Volatility 1 Month 3 Month 6 Month 12 Month
Max Drawdown 1 Month 3 Month 6 Month 12 Month
# Backtest ID: 54a8009a71efea0913df12d6
There was a runtime error.

Hi Stephan
I have also just started using quantopian, but it should of course be doable :)

Dear Klaus,
dear all,

I tried for several hours now. I cannot get it wo work.
Could someone please help me and show me how to implement a function that the 2 ETFs with the highest momentum are bought?
Thanks a lot!

Hey Stephan,
It sounds like you would like to buy the 2 securities with the largest returns over the last N days. I simplified this algorithm for you, that last implementation is way overcomplicated. This version uses the schedule_function to rebalance every month, and uses history in favor of batch_transform, which has been depreciated. I hope this version is easier for you to follow, let me know if you have any questions.

David

Clone Algorithm
102
Loading...
Backtest from to with initial capital
Total Returns
--
Alpha
--
Beta
--
Sharpe
--
Sortino
--
Max Drawdown
--
Benchmark Returns
--
Volatility
--
Returns 1 Month 3 Month 6 Month 12 Month
Alpha 1 Month 3 Month 6 Month 12 Month
Beta 1 Month 3 Month 6 Month 12 Month
Sharpe 1 Month 3 Month 6 Month 12 Month
Sortino 1 Month 3 Month 6 Month 12 Month
Volatility 1 Month 3 Month 6 Month 12 Month
Max Drawdown 1 Month 3 Month 6 Month 12 Month
# Backtest ID: 54a850ada780880900fd3aac
There was a runtime error.

OMG David,

thanks so much. That seems to be exactly what I was looking for.
I really appreciate your help and efforts.
I just have programming skills in BASIC and HTML and am an absolute beginner to Python. Nonetheless eager to learn.
Do you have any suggestions where programming in Python with a special focus to Quantopian can be learned (steep learning curve preferred).

Thanks again so much!

Hmm, computational investing is a coursera class that uses Python, I have not taken it, but it might be on my to-do list now. I would search on coursera.org and edx.org for relevant classes. I'm a fan of doing puzzles and problems when learning a new language, you could check out codewars.com, checkio.org, and projecteuler.net if that suits you. As far as data structures go, you will benefit a lot from learning to work with the pandas and numpy libs. Python for econometrics looks like a good reference.

This thread has some more suggestions too. https://www.quantopian.com/posts/suggestions-on-quant-finance-books-slash-texts

Welcome to Quantopian and have fun learning.

David

Wow David, lots of suggestions, thanks! I will try to find one or two that fit for my purposes.
One more questions to the algorithm you posted:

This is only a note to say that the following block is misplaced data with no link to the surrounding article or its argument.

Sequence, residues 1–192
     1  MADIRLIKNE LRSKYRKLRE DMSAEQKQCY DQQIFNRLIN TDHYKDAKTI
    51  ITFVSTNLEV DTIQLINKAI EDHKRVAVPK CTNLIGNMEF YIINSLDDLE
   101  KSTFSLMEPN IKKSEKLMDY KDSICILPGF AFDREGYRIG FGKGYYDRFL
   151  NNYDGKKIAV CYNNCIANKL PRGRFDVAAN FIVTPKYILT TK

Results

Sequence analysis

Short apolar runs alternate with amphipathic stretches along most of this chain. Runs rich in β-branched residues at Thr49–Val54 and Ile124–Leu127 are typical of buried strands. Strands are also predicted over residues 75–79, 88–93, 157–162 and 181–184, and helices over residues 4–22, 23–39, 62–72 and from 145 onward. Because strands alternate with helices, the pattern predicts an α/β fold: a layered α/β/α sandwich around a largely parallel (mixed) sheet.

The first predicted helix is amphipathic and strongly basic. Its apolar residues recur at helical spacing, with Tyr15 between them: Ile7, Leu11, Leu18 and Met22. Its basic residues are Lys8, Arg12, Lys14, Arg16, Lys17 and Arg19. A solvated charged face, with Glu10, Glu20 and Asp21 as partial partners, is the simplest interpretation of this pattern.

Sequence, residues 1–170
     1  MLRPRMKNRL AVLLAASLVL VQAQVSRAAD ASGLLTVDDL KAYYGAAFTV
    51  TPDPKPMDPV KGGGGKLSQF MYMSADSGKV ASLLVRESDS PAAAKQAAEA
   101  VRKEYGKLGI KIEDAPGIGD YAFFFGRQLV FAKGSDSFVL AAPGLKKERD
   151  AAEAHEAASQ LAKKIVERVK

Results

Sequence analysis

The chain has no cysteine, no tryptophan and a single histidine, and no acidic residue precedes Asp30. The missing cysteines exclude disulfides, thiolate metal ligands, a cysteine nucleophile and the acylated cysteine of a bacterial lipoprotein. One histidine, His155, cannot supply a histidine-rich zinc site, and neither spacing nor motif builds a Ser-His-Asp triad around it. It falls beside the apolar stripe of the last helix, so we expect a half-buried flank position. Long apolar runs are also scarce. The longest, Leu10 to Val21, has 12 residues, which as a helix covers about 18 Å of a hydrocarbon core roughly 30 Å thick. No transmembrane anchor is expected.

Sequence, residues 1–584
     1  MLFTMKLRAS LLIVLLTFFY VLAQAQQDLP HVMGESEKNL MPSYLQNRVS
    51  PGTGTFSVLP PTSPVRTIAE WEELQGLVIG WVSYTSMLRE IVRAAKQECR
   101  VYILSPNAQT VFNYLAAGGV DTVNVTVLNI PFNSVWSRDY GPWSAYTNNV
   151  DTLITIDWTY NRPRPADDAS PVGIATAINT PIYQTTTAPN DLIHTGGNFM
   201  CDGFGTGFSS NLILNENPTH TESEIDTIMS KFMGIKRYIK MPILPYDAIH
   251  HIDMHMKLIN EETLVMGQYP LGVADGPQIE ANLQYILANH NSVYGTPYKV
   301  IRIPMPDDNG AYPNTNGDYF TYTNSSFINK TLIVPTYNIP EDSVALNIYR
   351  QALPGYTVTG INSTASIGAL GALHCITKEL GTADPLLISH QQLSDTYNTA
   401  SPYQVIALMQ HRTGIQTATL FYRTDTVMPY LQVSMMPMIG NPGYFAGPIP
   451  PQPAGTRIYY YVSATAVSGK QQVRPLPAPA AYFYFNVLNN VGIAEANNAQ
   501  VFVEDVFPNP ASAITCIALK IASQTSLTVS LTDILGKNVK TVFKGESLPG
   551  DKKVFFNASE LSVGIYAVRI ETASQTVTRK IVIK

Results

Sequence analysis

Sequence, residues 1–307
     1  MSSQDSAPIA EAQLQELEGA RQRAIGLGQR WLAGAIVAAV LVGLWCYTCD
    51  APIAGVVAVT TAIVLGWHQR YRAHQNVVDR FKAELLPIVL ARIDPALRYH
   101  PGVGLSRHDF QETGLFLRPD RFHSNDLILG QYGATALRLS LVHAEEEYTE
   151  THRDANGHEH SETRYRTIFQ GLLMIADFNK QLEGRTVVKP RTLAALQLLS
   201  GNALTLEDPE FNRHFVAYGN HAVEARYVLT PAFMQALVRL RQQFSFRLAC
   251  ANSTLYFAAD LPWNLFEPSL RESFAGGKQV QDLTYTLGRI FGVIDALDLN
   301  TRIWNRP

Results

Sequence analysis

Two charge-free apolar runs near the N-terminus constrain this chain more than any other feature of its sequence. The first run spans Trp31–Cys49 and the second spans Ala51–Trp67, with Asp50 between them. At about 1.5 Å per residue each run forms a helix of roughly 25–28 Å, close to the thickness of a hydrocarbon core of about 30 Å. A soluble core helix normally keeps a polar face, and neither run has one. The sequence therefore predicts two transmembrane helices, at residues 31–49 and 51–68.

The term "context.period" which we set to 120 - does it refer to calendar days or trading days??
If it is trading days then 120 might equate 6 months, otherwise in the case of calendar days the period would have to be set to about 150....Thx!

I can vouch for the CompInvest class on coursera. T. Balch has some considerable wisdom to impart. And his LucenaResearch and Stumpgrinder sites are also helpful. You'll end up climbing a steep python learning curve (at least I did) but there were many helpful TAs and students to assist. My particular take, an objected oriented one, was generally derided, so you might want to prepare your mind for matrix algebra. A topic I still can't quite grok.

Dave, couldn't you just use the number of periods to fetch for the return calculation?

prices = history(context.period, '1d', 'price')  

And, like I've been personally struggling with, the returns for only 2014 are sub-par.

@Market Tech, you're correct about passing context.period into history, that enhancement must have snuck by me, it used to be a C-like macro that parsed for history functions at the beginning of the backtest. Thanks for pointing that out, you have just made my life slightly easier.

@Stephan, the 'bar_count' argument in history is the number of trading days (or minutes if '1m' is the frequency you use).

Dear all,

may I once again ask for your help? I studied all night and tried to learn python basics and do some coding.
Let's say I want to modify the above algorithm so that stocks are taken out of the list (context.stocks) that are trading below their 200-SMA.
From the remaining stocks within the list (which are then trading above their 200 SMA) the 2 with the highest momentum shall be bought.
I tried coding the following but I am told "28 Error SyntaxError: invalid syntax" - this is the line "def handle_data(context, data):"

Actually I added only a few lines to the original code. The one in the beginning to define SMA and the ones beginning from line 28.
Can anybody offer some help what I am doing wrong? Thanks a lot on advance!!

# Global Market Rotation Strategy  
sma = ta.SMA(timeperiod=200)

def initialize(context):  
    context.stocks = {  
        21516: sid(21516), # IWB Russell 2000  
        21769: sid(21769), # IEV (ISHARES EUROPE ETF)  
        14520: sid(14520), # EWJ (Japan)  
        23118: sid(23118), # EPP (ISHARES MSCI PACIFIC EX JAPAN)  
        23870: sid(23870), # IEF (VANGUARD 7-10 years bond)  
        23911: sid(23911), # SHY (1-3 years Treasury)  
        26807: sid(26807), # GLD Gold  
        #23921: sid(23921), #20y T Bonds  
        #41715: sid(41715), # Aggregate Bonds  
        #36201: sid(36201), # RWO (Dow Jones Global Real Estate REIT)  
        #24700: sid(24700), # DJP Bloomberg Commodity Index